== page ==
The US Federal Drug Administration (FDA) has issued a Public Health Advisory about the increased risk of suicidal thoughts and behaviors by people taking the smoking-cessation drug varenicline (Chantix). This warning comes after confirming that 39 suicides have occurred in patients taking varenicline (Chantrix). Eighty-seven percent of those suicides have occurred in the United States.
More specifically, the FDA is saying that serious neuropsychiatric symptoms have occurred in patients taking Chantix. These include: changes in behavior, agitation, depressed mood, suicidal ideation, and attempted and completed suicide. According to the data analyzed by the FDA 34 suicides (87% of total reported) have occurred in the United States.
Nicotine is able to attach to a receptor, known as alpha4-beta2 nicotinic receptor, in the smoker brain causing him (or her) a sensation of pleasure. The varenicline drugs works by blocking this brain receptor so the smokers do not feel the need to smoke and it aids in the patients' smoking cessation efforts.
This is the second time that the FDA is warning the public and health care providers about the risks of the drug varenicline. Last year the FDA issue an FDA Early Communication About an Ongoing Safety Review in which was required that Pfizer, the manufactures o the drug, added the possibility of serious neuropsychiatric symptoms in the prescribing label information (psot Marketing experience section).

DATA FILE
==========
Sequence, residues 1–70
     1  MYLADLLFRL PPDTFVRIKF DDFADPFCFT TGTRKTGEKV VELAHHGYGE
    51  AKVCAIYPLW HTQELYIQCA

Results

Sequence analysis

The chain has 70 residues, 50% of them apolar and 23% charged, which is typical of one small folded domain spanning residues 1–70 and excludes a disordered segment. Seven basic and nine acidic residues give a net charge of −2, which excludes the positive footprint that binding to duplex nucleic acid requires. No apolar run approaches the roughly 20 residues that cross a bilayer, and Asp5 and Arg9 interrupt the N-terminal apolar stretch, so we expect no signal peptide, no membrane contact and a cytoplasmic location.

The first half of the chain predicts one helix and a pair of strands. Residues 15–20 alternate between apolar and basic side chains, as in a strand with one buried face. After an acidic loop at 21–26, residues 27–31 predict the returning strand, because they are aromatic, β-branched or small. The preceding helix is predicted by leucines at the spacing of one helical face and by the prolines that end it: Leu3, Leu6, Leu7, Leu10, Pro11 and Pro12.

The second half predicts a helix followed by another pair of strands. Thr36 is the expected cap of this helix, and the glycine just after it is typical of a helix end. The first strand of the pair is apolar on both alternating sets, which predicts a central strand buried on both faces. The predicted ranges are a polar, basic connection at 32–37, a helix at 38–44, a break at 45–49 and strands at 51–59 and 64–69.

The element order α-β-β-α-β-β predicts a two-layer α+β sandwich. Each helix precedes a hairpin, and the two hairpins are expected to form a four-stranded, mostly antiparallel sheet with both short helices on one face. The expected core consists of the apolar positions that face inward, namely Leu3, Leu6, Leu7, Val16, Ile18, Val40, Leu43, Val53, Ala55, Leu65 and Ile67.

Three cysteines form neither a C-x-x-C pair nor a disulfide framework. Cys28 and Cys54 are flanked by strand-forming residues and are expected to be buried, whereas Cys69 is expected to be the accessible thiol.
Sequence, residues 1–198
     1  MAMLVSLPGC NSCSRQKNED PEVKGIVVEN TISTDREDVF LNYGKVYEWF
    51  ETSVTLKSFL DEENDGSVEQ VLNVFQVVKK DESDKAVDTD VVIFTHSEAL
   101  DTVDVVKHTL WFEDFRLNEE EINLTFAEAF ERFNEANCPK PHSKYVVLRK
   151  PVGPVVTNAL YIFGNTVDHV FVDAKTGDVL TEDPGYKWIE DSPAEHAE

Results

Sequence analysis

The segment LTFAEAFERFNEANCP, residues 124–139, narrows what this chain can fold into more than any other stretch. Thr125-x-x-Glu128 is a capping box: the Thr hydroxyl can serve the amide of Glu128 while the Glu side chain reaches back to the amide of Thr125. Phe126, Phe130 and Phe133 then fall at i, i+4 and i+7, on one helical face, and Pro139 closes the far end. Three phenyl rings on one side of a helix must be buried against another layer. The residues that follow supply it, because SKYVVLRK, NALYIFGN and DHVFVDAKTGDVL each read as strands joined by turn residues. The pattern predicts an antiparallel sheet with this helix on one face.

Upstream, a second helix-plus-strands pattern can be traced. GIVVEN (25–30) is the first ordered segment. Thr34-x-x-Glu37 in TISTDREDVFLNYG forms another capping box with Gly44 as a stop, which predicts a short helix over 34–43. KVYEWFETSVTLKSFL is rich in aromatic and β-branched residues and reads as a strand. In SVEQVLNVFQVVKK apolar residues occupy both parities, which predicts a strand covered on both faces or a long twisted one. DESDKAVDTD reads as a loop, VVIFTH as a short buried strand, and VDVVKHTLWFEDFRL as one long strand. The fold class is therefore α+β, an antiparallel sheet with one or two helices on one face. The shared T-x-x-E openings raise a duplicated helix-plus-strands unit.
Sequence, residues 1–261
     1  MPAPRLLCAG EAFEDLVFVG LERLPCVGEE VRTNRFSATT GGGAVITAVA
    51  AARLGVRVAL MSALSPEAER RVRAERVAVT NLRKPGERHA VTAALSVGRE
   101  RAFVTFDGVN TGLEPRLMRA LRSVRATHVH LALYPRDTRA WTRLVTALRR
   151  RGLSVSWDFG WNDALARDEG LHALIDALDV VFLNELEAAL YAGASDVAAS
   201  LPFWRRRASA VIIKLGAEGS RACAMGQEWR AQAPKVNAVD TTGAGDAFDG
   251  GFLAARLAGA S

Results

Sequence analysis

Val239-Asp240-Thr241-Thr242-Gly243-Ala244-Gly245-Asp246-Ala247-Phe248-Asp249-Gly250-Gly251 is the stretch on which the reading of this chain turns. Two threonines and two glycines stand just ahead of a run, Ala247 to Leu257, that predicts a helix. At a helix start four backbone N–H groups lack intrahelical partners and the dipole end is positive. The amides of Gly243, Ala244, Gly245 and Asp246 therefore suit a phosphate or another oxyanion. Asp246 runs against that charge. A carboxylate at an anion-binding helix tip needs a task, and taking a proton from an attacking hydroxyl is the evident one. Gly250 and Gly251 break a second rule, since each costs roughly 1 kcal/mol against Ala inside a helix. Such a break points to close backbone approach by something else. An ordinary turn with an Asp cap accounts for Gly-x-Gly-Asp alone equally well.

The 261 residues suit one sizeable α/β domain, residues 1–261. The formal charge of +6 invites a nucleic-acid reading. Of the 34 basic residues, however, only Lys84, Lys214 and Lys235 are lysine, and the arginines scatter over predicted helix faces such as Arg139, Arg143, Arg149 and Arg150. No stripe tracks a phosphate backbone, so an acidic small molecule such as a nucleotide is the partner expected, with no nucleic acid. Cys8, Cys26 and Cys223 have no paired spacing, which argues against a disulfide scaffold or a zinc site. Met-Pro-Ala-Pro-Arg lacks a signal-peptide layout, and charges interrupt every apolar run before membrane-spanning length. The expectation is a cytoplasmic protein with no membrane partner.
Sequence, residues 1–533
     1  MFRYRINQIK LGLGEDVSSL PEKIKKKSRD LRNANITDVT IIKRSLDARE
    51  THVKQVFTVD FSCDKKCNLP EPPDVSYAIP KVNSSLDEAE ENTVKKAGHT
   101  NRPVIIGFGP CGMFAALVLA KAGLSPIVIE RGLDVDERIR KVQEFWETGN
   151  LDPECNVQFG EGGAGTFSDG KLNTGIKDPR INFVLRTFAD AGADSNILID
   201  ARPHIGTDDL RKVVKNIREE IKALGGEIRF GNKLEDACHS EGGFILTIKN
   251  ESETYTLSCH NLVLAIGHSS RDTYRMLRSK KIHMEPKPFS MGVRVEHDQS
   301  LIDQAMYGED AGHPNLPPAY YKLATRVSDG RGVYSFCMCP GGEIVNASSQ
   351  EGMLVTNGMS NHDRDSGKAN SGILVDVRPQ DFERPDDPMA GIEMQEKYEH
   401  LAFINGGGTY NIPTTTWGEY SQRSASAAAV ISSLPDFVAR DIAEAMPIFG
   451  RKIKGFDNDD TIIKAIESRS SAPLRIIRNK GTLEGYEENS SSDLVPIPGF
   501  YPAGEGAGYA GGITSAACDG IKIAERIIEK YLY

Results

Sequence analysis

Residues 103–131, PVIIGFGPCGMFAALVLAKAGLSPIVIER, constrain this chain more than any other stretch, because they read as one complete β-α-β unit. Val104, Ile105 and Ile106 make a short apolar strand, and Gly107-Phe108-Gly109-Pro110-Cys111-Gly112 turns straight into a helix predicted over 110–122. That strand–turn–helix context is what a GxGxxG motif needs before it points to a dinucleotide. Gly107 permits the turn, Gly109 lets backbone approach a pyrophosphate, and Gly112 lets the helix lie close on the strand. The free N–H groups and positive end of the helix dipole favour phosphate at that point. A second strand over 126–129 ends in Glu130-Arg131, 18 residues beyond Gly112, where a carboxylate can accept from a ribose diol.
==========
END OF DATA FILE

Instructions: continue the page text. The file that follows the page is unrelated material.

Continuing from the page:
Today, with this new warning and the analysis that the FDA has done about the drug Chantix, the FDA is asking Pfizer to add this safety information to the WARNINGS and PRECAUTIONS sections of the Chantix prescribing information. This a stronger form of WARNING that the one set last year.
The FDA is not asking doctors to recommend their patients to stop using the drug but because Chantix may worsen current psychiatric illness they are asking patients to inform their doctors about any history of psychiatric illness previous to starting the drug. Also, the FDA is asking patients, patients' families, and doctors to stay alert about any of the following events: anxiety, nervousness, tension, depressed mood, unusual behaviors and thinking about or attempting suicide.
Some medical experts believe that drugs such as verenicline are not needed for smoking cessation. They argue that the safety concerns about many of these drugs are not balanced by the benefits seen. They believe that smoking, although addictive, can be stopped when the patient decides to do it. However, appropriate psychological and medical advice will certainly support the patients' efforts to stop smoking.
Source: AssociatedContent 5th February 2008